What is the state of evidence on the impacts of cash transfers on poverty, as compared to remittances?

Working and discussion papers
April 2014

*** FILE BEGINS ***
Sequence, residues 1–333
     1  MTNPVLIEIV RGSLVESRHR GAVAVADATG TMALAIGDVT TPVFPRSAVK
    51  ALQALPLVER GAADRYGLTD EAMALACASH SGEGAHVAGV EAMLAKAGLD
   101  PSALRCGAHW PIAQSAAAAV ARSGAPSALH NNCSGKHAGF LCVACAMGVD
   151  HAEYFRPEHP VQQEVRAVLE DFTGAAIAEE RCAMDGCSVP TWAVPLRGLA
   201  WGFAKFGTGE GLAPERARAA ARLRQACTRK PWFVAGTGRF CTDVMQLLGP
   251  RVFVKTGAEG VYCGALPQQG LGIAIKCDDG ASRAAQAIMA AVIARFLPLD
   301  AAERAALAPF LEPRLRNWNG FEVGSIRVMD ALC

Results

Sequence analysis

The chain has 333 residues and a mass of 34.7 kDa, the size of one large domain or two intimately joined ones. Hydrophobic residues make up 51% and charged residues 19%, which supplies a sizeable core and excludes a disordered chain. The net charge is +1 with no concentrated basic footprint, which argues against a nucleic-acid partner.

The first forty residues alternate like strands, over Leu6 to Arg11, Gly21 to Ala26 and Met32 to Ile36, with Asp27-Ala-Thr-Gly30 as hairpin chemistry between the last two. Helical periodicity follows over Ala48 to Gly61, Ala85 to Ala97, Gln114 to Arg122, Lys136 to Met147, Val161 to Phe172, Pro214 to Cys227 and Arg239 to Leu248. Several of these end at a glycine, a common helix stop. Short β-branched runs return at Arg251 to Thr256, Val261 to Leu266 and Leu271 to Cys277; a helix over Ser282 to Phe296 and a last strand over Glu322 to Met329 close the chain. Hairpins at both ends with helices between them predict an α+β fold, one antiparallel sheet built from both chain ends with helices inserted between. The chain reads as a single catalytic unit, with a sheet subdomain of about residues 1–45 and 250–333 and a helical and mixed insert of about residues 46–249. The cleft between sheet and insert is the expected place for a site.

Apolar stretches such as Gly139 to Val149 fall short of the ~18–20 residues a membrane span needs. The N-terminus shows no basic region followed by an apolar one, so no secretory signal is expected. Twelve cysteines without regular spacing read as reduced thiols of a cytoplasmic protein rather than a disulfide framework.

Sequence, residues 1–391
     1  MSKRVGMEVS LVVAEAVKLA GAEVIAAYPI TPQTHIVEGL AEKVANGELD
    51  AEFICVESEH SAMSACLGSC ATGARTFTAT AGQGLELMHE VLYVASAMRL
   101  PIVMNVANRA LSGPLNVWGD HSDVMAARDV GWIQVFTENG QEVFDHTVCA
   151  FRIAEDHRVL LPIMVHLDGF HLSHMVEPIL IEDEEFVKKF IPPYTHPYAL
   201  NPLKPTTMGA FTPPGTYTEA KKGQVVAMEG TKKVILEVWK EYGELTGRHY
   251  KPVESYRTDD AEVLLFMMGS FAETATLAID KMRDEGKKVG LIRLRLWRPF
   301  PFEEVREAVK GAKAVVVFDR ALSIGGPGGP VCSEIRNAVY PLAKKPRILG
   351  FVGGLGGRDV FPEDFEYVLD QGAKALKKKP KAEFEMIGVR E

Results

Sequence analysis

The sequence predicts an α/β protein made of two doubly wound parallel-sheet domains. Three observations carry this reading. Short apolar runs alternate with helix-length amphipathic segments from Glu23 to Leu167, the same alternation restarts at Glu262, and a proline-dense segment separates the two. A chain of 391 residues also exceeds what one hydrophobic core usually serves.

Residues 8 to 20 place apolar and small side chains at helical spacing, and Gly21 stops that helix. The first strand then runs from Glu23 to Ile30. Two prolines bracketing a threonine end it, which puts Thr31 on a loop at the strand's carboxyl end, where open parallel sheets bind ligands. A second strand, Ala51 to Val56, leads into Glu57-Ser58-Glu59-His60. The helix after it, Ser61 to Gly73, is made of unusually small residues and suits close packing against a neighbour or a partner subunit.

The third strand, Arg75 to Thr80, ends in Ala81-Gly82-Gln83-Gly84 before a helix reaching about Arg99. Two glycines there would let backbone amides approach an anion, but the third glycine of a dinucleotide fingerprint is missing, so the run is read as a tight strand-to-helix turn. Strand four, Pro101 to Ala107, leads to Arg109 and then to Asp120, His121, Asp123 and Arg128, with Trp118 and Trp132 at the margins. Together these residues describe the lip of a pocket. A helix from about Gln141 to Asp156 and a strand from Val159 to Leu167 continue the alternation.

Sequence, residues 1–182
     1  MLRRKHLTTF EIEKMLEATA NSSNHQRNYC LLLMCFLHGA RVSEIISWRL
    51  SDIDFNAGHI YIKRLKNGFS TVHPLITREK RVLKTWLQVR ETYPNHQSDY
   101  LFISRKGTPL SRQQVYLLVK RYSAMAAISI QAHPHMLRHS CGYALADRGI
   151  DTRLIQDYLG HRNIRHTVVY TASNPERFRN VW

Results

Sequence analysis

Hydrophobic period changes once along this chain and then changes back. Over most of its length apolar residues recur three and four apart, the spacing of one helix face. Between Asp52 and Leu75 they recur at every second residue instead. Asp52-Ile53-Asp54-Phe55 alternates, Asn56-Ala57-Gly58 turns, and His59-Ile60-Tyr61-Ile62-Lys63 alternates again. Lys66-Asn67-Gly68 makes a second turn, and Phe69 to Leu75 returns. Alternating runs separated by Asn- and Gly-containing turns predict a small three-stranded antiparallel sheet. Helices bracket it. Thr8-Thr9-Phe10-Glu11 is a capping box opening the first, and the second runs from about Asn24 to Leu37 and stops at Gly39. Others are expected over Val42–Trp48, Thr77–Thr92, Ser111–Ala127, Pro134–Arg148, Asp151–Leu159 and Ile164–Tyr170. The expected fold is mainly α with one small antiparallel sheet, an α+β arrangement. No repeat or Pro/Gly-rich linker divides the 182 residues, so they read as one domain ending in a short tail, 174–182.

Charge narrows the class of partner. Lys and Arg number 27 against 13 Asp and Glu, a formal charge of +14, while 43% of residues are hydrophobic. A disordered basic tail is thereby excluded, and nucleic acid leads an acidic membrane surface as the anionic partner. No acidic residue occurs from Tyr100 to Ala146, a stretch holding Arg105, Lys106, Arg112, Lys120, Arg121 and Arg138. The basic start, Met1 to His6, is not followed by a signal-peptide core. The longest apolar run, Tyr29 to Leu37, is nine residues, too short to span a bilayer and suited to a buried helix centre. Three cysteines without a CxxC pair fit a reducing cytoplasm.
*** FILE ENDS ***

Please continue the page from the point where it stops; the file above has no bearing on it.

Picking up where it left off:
Using a rigorous, evidence-focused review method, this literature review found 11 relevant studies that directly compare the impacts of cash transfers and remittances on a range indicators of poverty at the household level. The evidence base is small and highly context-specific. External and internal validity of most studies are limited, so the conclusions that can be drawn from this review are tentative. In the majority of studies both cash transfers and remittances are shown to have positive impacts on reducing poverty. Overall, remittances seem to have stronger poverty reducing impacts. There are a number of factors that seem to explain why remittances have a greater effect. In the studies reviewed here, remittances appear to reach both a greater share of the overall population, than cash transfers, and more poor households. Furthermore, remittances were higher in value in the majority of studies reviewed. Finally, two studies show that remittances are put towards different uses. Further high-quality research is needed on all factors.